The first documentaries were made by Leo Pagano. He made a series of 3 documentaries that were broadcasted 1, 8 and 15 September 1957 as New Guinea 1 – introduction to country and labor, New Guinea 2 and New Guinea 3 – missionary labor. Leo Pagano worked that time for the KRO, the catholic broadcasting organisation and was he most known best for his coverage of football games. The Jaap Kunst audio archive used to have a tape with raw recordings from Leo Pagano from this period made in the Wissel Lakes, Bird Head area and the Island Salawati of the Radja Ampat. Unfortunately, the tape was lent out to an exhibition and never returned.

In 1959 There was a series of broadcasts on the expedition to the Star Mountains. The famous foreign reporter Alfred van Sprang joined the exhibition and a whole series of recordings exist on this subject varying from broadcasts as on 25-2-1959 a talk with L.D. Brongersma on the expedition to New Guinea to the Star mountains, or 20-4-1959 a radio phone call with L.D. Brongersma, leader of the exhibition, or 29-7-1959 Interview with the vice chairman of the expedition about insufficient funds. 4-9-1959 A compilation of the first 4 reports on the expedition to the Star Mountains made by Alfred van Sprang with Venema, Sneep, Anceaux and Pouwer.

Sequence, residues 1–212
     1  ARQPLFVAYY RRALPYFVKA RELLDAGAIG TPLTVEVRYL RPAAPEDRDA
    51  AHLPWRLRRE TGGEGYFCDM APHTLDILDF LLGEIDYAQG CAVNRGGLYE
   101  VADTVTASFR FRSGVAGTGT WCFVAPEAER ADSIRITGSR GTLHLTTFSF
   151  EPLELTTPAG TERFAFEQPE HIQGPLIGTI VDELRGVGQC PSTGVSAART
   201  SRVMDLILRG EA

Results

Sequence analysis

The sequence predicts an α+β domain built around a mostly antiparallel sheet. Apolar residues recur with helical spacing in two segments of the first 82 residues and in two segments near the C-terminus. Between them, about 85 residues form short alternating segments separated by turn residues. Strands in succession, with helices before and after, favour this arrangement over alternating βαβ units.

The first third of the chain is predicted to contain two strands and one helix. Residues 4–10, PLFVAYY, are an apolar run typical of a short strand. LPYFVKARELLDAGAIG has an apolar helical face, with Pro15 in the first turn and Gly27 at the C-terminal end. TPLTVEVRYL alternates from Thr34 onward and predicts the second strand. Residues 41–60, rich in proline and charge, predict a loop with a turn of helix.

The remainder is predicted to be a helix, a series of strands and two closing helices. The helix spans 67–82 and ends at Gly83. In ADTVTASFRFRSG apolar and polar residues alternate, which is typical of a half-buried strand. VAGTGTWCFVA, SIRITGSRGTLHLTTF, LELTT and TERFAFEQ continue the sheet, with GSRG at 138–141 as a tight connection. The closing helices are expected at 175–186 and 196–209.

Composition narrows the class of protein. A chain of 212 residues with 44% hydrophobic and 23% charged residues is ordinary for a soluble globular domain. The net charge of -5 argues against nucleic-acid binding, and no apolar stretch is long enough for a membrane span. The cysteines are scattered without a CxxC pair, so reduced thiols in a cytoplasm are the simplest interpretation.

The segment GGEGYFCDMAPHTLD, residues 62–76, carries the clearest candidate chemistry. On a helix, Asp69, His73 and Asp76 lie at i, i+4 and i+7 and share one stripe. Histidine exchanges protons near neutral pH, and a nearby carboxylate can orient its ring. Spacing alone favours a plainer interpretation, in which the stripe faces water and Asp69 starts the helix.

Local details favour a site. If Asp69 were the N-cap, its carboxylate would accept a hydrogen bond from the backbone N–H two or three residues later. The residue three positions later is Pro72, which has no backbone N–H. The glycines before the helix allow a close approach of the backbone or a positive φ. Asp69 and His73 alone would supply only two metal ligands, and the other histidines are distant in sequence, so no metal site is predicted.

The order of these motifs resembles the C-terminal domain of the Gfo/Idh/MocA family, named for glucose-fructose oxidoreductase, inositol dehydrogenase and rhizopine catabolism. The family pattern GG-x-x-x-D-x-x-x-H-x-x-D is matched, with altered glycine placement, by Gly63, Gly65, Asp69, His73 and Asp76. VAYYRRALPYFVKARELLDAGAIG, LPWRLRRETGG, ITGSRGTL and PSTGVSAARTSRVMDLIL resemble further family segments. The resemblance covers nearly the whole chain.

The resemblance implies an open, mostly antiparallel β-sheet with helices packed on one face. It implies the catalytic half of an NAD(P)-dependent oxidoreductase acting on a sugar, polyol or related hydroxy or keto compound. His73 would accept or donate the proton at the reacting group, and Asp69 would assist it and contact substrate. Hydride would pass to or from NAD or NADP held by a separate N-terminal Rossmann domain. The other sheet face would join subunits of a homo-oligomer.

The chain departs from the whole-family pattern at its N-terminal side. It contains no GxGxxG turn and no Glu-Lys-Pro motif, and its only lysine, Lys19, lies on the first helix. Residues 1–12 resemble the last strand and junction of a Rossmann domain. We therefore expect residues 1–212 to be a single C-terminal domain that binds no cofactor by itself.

But there are also raw recordings as 19-5-1959 expedition songs with Papuans, 30-5-1959 conservations with Papuans, and from the same date Sound of an engine of a boat on a river, and 30-5-1959 calling, screaming, 9-6-1959 Explanation of Vervoort on the Orion mountains and the making of roofing, and 30-7-1959 walking and cutting of a path. There are also a number of undated recordings as 2209-ONB-2308-01 which goes about the construction of a bivouac and a radio connection or a number of recordings now classified as sound effects from Papua New Guinea, as playing Papua children (GA4594) that could be of the same expedition.


The New Guinea crisis